Quantum Entanglement Sent Over 50 Km of Optical Fiber

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A team from the University of Innsbruck and the Institute of Quantum Optics and Quantum Information of the Austrian Academy of Sciences has achieved what could be a record for the transfer of quantum entanglement between matter (a trapped ion) and light (a photon). The team sent quantum information over a distance of 50 km using fiber optic cables. “This is two orders of magnitude further than was previously possible and is a practical distance to start building intercity quantum networks,” lead researcher Ben Lanyon said.

The researchers began by trapping a calcium atom in an ion trap. Using lasers, they wrote a quantum state onto the ion while exciting it to emit a photon, in which quantum information was stored. The quantum states of the atom and the photon became entangled.

The photon that was emitted by the calcium ion had a wavelength of 854 nm. To prevent the photon from being absorbed by the optical fiber as it was being transmitted over a fiber optic cable, the researchers first sent the photon through a nonlinear crystal illuminated by a strong laser. This step caused the photon wavelength to be converted to 1550 nm, the current telecommunications standard wavelength and a suitable wavelength for long-distance travel.

Quantum entanglement between light and matter sent over 50 km of optical fiber, University of Innsbruck.
In a nonlinear crystal illuminated by a strong laser, the photon wavelength is converted to the optimal value for long-distance travel. Courtesy of IQOQI Innsbruck/Harald Ritsch.

The researchers then sent the photon through a 50-km-long optical fiber line. Their measurements showed that the atom and photon were still entangled, even after the wavelength conversion and the 50-km journey.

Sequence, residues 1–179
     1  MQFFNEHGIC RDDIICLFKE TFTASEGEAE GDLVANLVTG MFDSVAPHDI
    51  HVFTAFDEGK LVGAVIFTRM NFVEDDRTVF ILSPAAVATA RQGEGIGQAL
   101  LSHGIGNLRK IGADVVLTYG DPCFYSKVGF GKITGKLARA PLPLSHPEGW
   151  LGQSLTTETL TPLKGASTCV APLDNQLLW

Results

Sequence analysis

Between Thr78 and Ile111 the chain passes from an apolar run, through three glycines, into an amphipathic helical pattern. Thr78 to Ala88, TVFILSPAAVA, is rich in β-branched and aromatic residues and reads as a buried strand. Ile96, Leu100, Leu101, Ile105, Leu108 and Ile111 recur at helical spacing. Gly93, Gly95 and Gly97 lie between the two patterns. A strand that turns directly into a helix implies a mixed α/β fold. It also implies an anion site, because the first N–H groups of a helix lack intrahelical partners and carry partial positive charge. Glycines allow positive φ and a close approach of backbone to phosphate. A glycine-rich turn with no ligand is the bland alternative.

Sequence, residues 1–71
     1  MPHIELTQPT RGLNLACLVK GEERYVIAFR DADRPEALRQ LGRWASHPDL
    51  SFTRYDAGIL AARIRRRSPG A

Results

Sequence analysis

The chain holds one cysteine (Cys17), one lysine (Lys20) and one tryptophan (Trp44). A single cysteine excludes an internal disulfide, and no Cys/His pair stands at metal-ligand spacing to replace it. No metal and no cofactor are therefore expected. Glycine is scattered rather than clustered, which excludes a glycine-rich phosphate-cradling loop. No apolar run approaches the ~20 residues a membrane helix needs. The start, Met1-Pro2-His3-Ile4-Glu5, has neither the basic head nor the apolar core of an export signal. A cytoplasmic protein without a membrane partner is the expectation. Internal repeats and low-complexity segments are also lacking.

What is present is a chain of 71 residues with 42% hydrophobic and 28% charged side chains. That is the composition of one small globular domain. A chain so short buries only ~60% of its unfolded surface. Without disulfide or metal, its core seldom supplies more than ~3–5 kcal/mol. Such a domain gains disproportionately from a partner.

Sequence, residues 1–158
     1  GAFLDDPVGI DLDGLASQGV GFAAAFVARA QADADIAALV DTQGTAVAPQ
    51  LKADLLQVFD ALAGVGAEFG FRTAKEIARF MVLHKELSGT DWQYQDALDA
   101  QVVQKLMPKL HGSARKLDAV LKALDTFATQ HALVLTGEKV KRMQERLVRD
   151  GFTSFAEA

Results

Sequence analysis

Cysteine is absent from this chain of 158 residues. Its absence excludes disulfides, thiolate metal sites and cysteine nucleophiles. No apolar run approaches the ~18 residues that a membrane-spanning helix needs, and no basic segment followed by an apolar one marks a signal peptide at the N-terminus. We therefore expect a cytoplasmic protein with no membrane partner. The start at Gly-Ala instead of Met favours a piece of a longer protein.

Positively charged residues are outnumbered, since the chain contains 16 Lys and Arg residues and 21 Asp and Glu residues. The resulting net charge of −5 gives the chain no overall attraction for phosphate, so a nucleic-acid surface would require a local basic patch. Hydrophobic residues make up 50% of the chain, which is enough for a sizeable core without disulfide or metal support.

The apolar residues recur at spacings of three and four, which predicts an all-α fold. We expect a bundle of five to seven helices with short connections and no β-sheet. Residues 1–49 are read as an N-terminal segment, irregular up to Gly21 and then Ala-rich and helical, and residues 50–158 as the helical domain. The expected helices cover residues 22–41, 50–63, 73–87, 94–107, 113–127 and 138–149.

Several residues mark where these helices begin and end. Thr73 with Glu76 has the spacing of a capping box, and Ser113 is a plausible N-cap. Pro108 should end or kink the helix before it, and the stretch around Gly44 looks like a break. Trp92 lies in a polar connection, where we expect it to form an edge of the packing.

Next, the researchers plan to show that their method could be used to enable entanglement between ions 100 km apart and more. With the possibility of 100-km node spacing, building the world’s first intercity light-matter quantum network could be possible in the coming years. For example, just a small number of trapped ion-systems would be required to establish a quantum internet between Innsbruck and Vienna, the team said.

The research was published in npj Quantum Information ( 

Published: August 2019
quantum optics
The area of optics in which quantum theory is used to describe light in discrete units or "quanta" of energy known as photons. First observed by Albert Einstein's photoelectric effect, this particle description of light is the foundation for describing the transfer of energy (i.e. absorption and emission) in light matter interaction.
optical fiber
A thin filament of drawn or extruded glass or plastic having a central core and a cladding of lower index material to promote total internal reflection (TIR). It may be used singly to transmit pulsed optical signals (communications fiber) or in bundles to transmit light or images.
Research & TechnologyeducationEuropeUniversity of Innsbruckfiber opticsLasersLight SourcesOpticsnonlinear opticsquantum opticssingle photons and quantum effectsphoton entanglementCommunicationsquantum communicationsquantum InternetBen Lanyonoptical fiberTech Pulse

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